A Two Hour Smile.

8/11 Waves.

It was a good dream.   Vague and mostly forgotten, not at all unsettling, a slight smile in my sleep.  I seemed very young, maybe seven, still free with innocence, unencumbered by later life.  It was a hot day, summertime, and we were, or had been, at the beach, where I had spent the entire day engulfed in waves.  Diving under, jumping up, turning so that the back of your head had the wave break over it while you looked through to shore, maneuvering for the next one, on and on.  Bodysurfing.  Giggling underwater all the way to the sand when you got caught.

Then came the post stoke relaxation and good sleep.  Warm breezes, full moon, abundance of life and living.  The August cicadas were singing away, celebrating the season.  Something then turned, the timing too early.  Soundwaves getting louder and louder, threatening my sleep and dream state.  The dream faded, like youth, or a good summer on the first day of school.  My alarm was blaring, no longer a cicada’s song.  I hit snooze.  Ahhh, crickets….

This new silence was not feeling like more real sleep,  so I grabbed my camera bag and water housing and headed down to the beach.  There was a slight North wind, which is always good, but heavy stratus cloud cover prevented any sunrise light.  Scanning the ocean for whales and dolphin, I waited, enjoying my 7-11 large, dark coffee.  Didn’t see any, but noticed the waves were actually curling a bit, first time in a while.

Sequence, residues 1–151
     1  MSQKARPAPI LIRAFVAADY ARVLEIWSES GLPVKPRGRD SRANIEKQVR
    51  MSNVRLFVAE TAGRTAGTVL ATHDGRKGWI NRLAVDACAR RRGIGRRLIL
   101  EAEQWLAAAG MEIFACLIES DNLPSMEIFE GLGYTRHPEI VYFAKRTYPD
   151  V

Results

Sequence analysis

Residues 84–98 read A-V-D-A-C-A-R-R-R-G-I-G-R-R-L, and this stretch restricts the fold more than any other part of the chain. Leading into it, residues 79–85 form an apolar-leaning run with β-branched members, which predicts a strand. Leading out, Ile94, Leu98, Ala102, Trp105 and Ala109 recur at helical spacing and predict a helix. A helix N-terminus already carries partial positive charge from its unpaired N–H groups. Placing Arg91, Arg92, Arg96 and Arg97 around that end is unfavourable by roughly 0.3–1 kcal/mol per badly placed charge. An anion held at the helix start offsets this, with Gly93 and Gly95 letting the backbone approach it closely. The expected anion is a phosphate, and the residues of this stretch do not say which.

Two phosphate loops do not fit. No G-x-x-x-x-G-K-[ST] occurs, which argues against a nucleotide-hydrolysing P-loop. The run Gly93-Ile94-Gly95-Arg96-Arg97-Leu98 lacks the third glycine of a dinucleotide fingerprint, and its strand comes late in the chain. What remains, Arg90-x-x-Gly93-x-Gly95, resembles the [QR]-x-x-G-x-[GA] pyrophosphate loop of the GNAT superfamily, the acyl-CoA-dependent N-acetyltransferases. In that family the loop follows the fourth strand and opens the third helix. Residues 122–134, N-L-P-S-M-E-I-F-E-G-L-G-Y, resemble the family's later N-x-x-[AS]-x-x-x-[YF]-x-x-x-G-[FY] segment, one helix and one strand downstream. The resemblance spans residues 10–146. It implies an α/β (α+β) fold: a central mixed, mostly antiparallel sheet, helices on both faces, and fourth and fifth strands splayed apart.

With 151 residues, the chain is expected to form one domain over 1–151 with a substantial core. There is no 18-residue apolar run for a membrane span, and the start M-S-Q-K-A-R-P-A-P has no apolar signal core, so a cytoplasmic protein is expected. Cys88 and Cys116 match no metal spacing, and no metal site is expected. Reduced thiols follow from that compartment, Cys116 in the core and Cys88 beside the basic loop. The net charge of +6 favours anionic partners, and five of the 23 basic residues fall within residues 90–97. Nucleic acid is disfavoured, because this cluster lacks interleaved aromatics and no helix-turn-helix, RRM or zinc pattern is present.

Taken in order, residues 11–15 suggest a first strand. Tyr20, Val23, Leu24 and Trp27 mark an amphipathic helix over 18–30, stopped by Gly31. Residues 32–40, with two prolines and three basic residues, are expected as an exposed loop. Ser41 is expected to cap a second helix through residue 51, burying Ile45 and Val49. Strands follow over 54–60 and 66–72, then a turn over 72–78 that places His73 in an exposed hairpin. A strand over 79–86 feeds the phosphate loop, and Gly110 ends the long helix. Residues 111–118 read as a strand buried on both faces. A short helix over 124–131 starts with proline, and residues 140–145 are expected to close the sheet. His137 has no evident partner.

When I opened my bag to grab my 16-35mm, the lens was missing.  In its place was my 24-120mm.  Wasn’t sure if it would fit in the housing and with no collar on the lens there would be no zoom, but I gave it a shot and got lucky.   24mm, not bad for leaving the house half asleep. (EDIT:  looking at exif data, the zoom slowly shifted towards the longer end.)

Patches of blue started peaking through the grey.  I headed down toward the Fire Island Lighthouse.  Bare feet in sand, coffee in hand.  The next two hours brought changing light, one long smile, a few giggles, and the focused, alert, wake-full-ness of salt therapy.  Living in a dream.  It comes in waves.

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Author: Michael Witten

Michael Witten is a science-educated geek turned photographer. Based in Babylon, NY, he enjoys the Ocean, a north wind in summer, moonshine on his sails, microbrew craftiness, and sharing his lens on beauty.

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